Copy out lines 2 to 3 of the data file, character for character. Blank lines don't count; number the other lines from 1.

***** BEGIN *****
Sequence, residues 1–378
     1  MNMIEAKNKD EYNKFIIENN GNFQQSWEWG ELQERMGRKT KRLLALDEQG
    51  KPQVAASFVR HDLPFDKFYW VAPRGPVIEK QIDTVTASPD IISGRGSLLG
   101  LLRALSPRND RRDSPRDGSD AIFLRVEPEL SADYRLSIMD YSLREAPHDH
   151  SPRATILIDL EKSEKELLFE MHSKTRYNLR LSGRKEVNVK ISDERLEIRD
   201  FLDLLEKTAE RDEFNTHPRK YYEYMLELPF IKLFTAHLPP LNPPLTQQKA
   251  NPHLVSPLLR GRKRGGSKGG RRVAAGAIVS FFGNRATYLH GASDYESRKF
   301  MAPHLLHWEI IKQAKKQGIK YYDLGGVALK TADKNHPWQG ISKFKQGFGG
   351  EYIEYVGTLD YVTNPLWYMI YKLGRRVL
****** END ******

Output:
     1  MNMIEAKNKD EYNKFIIENN GNFQQSWEWG ELQERMGRKT KRLLALDEQG
    51  KPQVAASFVR HDLPFDKFYW VAPRGPVIEK QIDTVTASPD IISGRGSLLG